Stay patient and hungry. As long as you have those two attributes, you will get to the level which you want someday. Also, be willing to sell yourself any time you have an opportunity.

Do you have a mentor? How important is it to have a mentor in the infosec field?

Yes I do have a few people whose experience I emulate and model my career after. Having a mentor will definitely open doors that you can leverage on including their relationship.

‘If I have seen any farther, it is by standing on the shoulders of those who have gone ahead of me’ – Abraham Lincoln.

What is the most underrated skill someone needs to have to excel in this path?

Most underrated to me or rather overlooked to me will be ‘Public Speaking’. More around understanding your audience and passing your knowledge to them in a perfect way.

How do you continuously keep yourself updated?

  • Have conversations with people in the industry to know what’s happening so far
  • Cybersecurity conferences, groups and forums.
  • Online Courses.

What professional course would you advice?

For a newbie in Information Security, I would advise Security+ or SSCP. But the ultimate goal would be CISSP or OSCP if one is technical.

Do you have any regrets so far?

None so far. Everything has been going according to plan. To God be the glory.

Nkiru Aimienoho

Nkiru Aimienoho (@InfoSecAmazon) is a Senior Manager Cybersecurity & Business resilience at PwC Nigeria. She has been involved in the provision of various cybersecurity and business resilience services in the various sectors of the economy both internationally and locally. Some of these sectors include banking and I.T services, energy, and telecommunications.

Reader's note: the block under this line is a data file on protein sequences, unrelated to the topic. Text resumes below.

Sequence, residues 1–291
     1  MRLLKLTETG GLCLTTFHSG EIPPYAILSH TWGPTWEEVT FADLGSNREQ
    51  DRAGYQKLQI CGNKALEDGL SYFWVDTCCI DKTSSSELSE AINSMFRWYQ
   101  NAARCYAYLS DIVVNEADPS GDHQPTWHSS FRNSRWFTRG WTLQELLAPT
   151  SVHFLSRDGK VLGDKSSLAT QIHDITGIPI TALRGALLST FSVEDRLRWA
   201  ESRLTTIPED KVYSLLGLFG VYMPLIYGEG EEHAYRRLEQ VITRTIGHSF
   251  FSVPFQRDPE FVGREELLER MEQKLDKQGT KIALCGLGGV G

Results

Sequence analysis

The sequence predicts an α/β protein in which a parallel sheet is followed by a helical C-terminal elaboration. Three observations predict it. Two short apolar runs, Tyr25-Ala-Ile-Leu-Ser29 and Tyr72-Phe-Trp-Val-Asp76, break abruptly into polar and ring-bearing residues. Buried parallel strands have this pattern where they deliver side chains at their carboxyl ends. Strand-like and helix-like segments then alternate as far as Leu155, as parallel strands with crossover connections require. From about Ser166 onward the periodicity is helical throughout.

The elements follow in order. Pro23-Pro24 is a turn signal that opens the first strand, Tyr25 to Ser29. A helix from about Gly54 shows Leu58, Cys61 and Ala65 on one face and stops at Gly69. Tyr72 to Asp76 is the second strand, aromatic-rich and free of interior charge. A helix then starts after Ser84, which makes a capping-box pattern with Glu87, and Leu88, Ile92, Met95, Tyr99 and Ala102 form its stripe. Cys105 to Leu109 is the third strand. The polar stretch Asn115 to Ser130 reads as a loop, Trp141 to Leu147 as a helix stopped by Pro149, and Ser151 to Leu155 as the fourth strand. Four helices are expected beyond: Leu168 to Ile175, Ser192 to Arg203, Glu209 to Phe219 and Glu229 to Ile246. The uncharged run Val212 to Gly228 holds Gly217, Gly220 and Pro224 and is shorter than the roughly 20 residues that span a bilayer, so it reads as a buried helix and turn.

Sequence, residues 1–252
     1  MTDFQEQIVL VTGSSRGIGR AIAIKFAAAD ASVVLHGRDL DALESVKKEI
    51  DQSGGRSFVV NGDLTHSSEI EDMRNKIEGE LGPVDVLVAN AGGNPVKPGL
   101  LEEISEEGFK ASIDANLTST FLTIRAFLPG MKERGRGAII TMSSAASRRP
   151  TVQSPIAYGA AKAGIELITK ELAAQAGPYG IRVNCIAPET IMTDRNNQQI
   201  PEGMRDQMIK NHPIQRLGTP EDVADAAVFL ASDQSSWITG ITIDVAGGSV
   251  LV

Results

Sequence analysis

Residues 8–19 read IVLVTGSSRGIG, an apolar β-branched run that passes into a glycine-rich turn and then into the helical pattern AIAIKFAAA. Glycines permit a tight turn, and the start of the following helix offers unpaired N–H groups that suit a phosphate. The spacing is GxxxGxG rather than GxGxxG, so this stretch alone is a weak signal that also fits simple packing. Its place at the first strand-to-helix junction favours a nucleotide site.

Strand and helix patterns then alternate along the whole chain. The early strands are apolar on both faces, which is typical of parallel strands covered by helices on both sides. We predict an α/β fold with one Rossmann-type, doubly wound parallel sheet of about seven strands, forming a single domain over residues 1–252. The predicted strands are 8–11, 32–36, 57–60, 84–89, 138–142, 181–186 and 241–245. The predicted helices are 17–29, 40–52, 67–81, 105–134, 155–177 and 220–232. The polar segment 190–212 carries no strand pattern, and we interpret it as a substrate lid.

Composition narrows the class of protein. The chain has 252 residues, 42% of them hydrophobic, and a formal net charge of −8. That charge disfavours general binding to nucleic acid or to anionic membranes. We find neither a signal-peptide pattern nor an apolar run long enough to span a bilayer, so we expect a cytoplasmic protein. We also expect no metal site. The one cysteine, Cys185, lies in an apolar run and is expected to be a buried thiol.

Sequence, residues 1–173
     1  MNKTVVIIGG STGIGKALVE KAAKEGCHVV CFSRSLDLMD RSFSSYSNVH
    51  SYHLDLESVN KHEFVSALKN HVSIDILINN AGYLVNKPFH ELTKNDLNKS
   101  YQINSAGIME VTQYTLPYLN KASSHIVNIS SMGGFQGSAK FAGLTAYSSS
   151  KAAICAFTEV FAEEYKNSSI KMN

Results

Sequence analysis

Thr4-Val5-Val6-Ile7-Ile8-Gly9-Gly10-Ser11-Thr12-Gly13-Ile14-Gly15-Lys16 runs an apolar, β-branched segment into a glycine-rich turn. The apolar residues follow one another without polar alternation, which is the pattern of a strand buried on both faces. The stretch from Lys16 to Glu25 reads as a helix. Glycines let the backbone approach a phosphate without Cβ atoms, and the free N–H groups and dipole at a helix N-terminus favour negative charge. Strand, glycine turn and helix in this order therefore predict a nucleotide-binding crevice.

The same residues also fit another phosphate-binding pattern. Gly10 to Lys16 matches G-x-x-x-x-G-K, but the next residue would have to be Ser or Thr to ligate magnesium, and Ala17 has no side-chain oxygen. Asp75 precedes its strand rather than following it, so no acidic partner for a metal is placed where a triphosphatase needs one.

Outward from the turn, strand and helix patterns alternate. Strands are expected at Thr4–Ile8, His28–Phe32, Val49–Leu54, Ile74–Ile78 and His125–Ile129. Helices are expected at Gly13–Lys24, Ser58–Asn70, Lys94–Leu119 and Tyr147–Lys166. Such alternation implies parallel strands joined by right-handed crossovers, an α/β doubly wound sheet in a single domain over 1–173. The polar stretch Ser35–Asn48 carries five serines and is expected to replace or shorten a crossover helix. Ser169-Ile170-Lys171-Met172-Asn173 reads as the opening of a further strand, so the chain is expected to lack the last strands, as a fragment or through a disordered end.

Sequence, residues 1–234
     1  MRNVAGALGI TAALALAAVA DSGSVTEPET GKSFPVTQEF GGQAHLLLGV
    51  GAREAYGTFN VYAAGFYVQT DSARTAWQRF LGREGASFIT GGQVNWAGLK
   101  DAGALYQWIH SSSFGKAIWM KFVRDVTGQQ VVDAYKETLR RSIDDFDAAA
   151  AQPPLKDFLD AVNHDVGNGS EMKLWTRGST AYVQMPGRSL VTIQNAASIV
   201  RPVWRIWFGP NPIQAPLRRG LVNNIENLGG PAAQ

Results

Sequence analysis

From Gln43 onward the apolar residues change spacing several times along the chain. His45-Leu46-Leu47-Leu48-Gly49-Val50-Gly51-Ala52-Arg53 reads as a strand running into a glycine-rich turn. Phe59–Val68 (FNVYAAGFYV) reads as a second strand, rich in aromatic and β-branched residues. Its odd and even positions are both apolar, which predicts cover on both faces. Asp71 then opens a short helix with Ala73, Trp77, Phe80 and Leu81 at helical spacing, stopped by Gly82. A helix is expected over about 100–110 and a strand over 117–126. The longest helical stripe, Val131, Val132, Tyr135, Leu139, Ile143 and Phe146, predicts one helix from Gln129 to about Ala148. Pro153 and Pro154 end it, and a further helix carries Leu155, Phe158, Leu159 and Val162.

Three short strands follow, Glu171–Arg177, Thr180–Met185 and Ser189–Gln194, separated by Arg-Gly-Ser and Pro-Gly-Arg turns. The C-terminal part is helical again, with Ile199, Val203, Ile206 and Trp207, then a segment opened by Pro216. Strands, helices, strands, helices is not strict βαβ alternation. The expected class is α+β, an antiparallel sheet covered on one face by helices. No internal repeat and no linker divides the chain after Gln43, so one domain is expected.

Nkiru devotes her craft to promoting Cybersecurity and Business continuity. When she is not leading her team, she spends her time mentoring females in the tech industry. In her spare time she enjoys a good laugh with friends, watching her favorite comedy shows, or reading a good book.

What would be an important piece of advice for someone who is considering going into Information Security GRC?

I would advise anyone with the opportunity to seize it, learn ferociously, and connect with people that drive you to be better. Taking this advice early in my career enabled me to undertake a variety of exciting cybersecurity roles, such as – Information Assurance Analyst, Information security Manager, Business Continuity & Disaster recovery specialist, Security Awareness Training Specialist, Security Auditor, and People Hacker/ social engineer.It facilitated the discovery of my inclination for both Information/Cyber security and Business resilience.

What’s the most underrated skill someone needs to have to excel in this path?

That’s a hard one! The ability to be curious, confident, and possess excellent relationship management, and communication skills are underrated in the tech industry.

What is the one book you’ve read that changed/impacted your life?